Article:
“The cows are feeding themselves and spreading manure,” said Mike Meyer, Monett, Mo.
“We have always been a grazing dairy,” said Dave Cahalan, “just not intensively managed grazing.” Dave, who runs the dairy on the family farm where he grew up near Pierce City, Mo., has been milking cows for over 30 years. He can remember his father planting wheat for winter pasture and hay-grazer for the summer. The 160-acre farm, located in Barry County, was eventually sown in fescue except for one field of alfalfa.
Dave started the changes about 6 years ago with a 20-acre field of millet. He sent his hired hand to grazing school, studied the notes and types of forage available. He talked to several farmers who were set up with a managed grazing system. That first summer was the start of what led to a bunch of spoiled cows who get new pasture every 12 hours except in December and January.
A study found that an average of $5.00 per acre for hay production can be obtained through managed grazing. “It was also found that the majority of acreage could produce an economically feasible return per acre, for both hay and beef production,” said Dr. Mike Dicks with Oklahoma State University.
TO START, Dave drew a map of the farm and planned what and where to plant. Fences on paper are easier to move than fences in the field. Thirty-five acres of cereal rye provide the forage for close to six months a year. “Depending on the weather,” according to Dave, “it’s a matter of looking at what you have and how to use it.” When the rye is done, those fields will be planted with a summer forage such as millet or hay-grazer.
Dave manages his herd of 60-80 Holsteins on two acre paddocks divided with a cross fence. He put T-posts on both ends of the field and strung electric wire that can be moved for planting, fertilizing or hay baling. The cross fence is pulled through to the next paddock once a day. Ideally, the cows get the first half of a paddock at night when they eat less and the whole two acres the next day. In the heat of the summer, it is reversed.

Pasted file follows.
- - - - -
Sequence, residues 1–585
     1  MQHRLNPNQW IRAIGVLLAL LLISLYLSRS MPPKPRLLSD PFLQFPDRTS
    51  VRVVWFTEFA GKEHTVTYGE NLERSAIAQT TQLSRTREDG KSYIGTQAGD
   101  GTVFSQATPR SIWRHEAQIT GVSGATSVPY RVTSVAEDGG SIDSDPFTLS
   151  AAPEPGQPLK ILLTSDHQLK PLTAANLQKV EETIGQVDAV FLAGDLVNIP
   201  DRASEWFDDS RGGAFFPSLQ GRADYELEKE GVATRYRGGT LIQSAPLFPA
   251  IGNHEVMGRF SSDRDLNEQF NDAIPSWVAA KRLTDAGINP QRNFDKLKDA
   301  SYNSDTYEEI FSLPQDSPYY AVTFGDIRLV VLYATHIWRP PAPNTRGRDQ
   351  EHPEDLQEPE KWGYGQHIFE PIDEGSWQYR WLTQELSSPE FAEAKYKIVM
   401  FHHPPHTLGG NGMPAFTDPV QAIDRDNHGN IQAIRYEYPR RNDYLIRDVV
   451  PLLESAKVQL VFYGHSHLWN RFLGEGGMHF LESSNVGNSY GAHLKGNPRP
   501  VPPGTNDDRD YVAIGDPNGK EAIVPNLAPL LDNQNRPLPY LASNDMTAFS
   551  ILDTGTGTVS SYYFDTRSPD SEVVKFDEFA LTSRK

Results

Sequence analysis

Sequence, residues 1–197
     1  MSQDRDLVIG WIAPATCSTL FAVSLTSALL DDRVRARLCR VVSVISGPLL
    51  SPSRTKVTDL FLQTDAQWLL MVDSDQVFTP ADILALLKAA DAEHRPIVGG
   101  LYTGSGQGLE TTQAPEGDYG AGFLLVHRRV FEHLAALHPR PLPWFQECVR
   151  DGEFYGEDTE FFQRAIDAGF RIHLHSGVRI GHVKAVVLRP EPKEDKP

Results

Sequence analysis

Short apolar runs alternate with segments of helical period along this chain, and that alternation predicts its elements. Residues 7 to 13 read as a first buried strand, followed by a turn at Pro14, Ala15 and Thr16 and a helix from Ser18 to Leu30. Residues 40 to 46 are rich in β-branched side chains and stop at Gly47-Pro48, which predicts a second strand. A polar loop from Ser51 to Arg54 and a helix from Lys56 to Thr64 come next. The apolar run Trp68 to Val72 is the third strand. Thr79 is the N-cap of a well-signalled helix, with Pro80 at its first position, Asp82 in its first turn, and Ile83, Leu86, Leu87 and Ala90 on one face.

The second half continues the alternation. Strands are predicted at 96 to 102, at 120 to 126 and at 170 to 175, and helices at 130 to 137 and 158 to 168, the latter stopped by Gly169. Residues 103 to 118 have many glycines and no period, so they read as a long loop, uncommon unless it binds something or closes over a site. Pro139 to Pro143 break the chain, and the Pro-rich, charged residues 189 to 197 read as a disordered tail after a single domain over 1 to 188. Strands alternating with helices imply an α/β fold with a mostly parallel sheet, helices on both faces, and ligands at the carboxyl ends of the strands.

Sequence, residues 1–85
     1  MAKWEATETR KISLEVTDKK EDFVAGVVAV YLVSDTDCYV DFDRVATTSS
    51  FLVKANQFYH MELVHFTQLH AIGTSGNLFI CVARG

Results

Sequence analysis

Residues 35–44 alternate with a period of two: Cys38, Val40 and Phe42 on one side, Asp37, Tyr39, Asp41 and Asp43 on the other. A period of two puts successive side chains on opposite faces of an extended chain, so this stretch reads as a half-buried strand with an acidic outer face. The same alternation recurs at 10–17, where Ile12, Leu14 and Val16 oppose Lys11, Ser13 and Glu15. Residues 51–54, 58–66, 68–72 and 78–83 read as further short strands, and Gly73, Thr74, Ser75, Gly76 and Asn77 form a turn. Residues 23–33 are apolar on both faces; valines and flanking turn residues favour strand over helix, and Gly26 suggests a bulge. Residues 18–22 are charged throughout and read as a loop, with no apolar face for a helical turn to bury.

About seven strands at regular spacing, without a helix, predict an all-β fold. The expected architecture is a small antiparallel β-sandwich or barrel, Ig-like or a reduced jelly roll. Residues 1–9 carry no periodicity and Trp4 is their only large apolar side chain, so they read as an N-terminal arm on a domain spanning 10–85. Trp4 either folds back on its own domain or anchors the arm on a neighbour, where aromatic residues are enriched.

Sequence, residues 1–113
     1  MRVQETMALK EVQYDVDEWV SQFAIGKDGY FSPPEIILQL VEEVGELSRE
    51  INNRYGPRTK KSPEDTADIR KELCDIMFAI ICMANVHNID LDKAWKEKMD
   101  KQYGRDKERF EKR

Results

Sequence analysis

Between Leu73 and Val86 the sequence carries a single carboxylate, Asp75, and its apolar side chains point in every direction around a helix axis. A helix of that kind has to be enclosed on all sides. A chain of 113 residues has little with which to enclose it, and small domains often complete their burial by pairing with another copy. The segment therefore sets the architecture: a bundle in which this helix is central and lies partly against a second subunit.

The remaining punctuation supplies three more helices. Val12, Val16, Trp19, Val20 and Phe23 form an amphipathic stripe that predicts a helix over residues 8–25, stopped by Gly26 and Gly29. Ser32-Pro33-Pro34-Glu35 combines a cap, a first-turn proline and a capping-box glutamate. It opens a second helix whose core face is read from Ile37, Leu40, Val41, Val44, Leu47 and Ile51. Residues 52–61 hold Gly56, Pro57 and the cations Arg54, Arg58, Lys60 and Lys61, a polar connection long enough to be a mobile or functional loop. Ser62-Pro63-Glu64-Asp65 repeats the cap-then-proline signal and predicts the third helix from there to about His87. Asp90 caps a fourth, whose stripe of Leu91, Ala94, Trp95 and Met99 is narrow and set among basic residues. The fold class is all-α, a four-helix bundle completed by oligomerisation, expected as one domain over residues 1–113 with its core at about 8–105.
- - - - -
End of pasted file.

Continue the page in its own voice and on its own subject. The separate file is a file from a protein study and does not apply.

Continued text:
THE MILLET PAID for itself in the first 30 days with an increase in milk production of about 10 pounds per cow. “I’m sure I would not be milking right now if I hadn’t gone to this,” said Dave. “When the cows are in the rye grass they are just happier. They only eat about 10 pounds of grain in the barn.”
Cereal Rye is planted in the fall. The cows graze that until the first part of December or when the grass quits growing.
Twelve acres of Orchard grass and Clover and 20 acres of wild grass, (that started out as permanent Rye) and Clover is grazed between the rye and summer grass.
THERE ARE FOUR PONDS on the farm. The paddocks are set up so that the cows can go to water any time they are ready. One thing he has learned is that the cows don’t look at the picture and see which way to go. Some fields have gate hooks on both sides to make it easy for them. It is something that is unique to each farm. Water in each paddock would be nice, but isn’t a must.
Being able to make a plan and then change it according to weather is essential. “Rye grass that gets ahead of the cows in the spring makes good feed for the next winter, so I have it baled and wrapped when that happens,” Dave explained. “Most of it is common sense.”


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